By Stephanie Cook (MJour’18)
Amid the COVID-19 pandemic, many industries that rely on people “going out” have suffered steep financial losses.
By the end of 2020, restaurant industry sales were $240 billion below the National Restaurant Association’s pre-pandemic forecast, and the Motion Picture Association reported a global revenue drop of $30.3 billion.
One industry that didn’t suffer, though, was online dating.
Despite the fact that most dating apps are built to facilitate face-to-face interactions, Match Group––which leads the industry with a portfolio including Hinge, Plenty of Fish, and its crown jewel, Tinder––reported revenue growth of 17% in its 2020 full-year results.
“I was like, ‘Oh, no. We’re in the business of love and bringing people together!’” said Match Media Group’s Vice President of Global Marketing Vicki Shapiro (Comm’93) during a presentation for the Leeds School of Business Alumni Career Webinar Series. “So we sort of navigated a new world. But the good news is that we saw users flood back.”
Referencing a line graph of the company’s user growth from March to September 2020, Shapiro pointed out what she called “hockey stick growth.” While new users declined from March to May, they increased steadily from May to August before leveling out. The result, she said, was a 16% increase in overall growth.
“Very few businesses were able to grow, and I think we were one of them, which was really positive and showed our ability to kind of power through,” she said.
In addition to increased messaging around safety, the company attributes its success primarily to continued innovations, such as new video features.
“You’re no longer at the bar so how do you get to see someone, talk to someone, hear their voice, understand them?” Shapiro said. “So this was the game-changer for us––video across all platforms.”
According to data collected by Match Group, 50% of users said they fell in love during their first video date, 68% used it to determine if they wanted an in-person date and 69% said they’d do a video date again.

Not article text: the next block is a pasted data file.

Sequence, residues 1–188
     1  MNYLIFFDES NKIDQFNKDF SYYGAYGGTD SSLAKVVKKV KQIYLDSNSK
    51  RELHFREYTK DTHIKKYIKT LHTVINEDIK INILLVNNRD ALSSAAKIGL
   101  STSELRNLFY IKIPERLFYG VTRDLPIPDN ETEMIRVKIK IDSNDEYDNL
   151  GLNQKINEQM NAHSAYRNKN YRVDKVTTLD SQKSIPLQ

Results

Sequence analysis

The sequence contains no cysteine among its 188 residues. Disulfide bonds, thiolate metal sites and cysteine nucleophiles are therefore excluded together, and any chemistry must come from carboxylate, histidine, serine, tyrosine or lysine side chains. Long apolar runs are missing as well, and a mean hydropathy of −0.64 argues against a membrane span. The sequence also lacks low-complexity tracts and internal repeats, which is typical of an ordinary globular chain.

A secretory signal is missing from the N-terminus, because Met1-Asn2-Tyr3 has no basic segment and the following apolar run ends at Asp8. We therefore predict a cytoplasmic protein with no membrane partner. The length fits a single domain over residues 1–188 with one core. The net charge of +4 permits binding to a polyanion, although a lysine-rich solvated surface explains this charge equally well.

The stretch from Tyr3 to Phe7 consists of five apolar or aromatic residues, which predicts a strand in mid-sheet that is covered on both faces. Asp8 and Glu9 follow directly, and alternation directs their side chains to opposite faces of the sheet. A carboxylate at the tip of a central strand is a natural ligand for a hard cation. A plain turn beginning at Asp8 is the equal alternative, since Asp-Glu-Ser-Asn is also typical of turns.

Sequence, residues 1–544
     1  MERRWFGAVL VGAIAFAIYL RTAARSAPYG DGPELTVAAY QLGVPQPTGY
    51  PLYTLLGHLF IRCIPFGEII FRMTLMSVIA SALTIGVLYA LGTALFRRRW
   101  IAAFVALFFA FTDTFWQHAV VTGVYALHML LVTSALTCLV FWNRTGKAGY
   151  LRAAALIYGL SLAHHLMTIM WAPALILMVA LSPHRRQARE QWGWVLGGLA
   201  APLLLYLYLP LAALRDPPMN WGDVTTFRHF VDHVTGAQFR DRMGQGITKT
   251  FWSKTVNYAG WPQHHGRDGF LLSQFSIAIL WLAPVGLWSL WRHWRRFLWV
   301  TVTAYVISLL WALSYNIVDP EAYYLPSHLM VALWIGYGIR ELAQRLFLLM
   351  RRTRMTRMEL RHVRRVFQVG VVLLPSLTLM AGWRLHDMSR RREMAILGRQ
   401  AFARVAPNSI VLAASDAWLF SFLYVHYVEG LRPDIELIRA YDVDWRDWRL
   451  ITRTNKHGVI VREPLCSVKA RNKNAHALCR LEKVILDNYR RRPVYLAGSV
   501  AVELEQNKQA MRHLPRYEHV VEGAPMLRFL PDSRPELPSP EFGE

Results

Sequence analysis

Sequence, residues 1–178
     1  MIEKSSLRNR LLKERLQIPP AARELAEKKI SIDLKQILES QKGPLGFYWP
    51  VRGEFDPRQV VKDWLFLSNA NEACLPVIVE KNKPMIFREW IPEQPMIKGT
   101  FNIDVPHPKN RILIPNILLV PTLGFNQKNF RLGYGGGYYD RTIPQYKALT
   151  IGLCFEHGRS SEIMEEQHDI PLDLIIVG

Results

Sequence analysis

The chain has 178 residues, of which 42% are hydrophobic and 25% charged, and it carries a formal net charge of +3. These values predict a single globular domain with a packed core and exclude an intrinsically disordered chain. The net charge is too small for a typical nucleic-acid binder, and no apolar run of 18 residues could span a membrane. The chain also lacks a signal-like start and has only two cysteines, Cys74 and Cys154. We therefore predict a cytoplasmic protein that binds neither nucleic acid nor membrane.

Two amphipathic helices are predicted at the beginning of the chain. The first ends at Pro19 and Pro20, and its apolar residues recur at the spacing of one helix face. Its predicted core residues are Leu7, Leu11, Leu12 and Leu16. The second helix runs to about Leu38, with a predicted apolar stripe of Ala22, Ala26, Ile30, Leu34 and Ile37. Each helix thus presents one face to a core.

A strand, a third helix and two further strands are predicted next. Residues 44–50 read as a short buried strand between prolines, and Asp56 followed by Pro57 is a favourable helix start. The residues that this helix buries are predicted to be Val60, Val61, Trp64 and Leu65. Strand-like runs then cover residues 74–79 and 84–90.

Another big innovation, Shapiro said, was the company’s launch of new stickers, badges and profile prompts that allow users to signify that they voted, are vaccinated or support major social movements, among other things.
“OkCupid sort of took the charge and the lead with the badge on Black Lives Matter. That was a huge thing to people, and being able to share that front and center was great,” Shapiro said. “I mean, I don’t know if I want to put on lipstick for someone that doesn’t believe in the cause, so it allowed people to identify that right upfront.
Ultimately, the pandemic changed the way users think about online dating, Shapiro said. According to Match Group, 58% of people reported a shift toward more intentional dating, with GenZ users saying they prioritize meaningful relationships over basic physical interactions.
“I think a lot of times these apps get pigeonholed into just people wanting to hook up, but it’s so much more than that––it’s the fundamentals of wanting to find that connection,” she said. “COVID cannot kill Cupid, and we found that out.”
Shapiro’s webinar, “The Dating Renaissance,” is archived on the Leeds School of Business Facebook page.